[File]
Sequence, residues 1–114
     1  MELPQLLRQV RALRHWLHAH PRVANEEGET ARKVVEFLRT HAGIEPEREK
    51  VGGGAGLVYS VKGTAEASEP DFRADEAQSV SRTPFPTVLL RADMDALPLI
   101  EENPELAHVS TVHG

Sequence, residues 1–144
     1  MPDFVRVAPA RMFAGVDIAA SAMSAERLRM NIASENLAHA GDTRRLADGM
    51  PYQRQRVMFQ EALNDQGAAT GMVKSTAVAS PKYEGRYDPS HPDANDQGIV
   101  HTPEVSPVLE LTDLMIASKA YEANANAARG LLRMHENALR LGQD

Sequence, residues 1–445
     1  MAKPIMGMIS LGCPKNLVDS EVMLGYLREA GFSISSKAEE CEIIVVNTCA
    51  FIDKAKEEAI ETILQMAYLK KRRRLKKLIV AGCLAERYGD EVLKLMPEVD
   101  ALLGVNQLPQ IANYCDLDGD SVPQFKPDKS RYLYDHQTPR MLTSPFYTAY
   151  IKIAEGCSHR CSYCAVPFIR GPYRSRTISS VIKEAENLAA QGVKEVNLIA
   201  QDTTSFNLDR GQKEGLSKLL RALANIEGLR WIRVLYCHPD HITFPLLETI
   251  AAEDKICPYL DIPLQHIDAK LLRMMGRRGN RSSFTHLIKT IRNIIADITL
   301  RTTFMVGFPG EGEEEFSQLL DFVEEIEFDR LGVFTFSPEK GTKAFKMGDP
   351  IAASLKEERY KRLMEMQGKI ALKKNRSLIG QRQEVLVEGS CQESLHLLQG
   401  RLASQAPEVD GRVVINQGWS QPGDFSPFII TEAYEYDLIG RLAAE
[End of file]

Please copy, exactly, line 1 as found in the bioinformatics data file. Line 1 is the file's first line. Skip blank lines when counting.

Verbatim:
Sequence, residues 1–114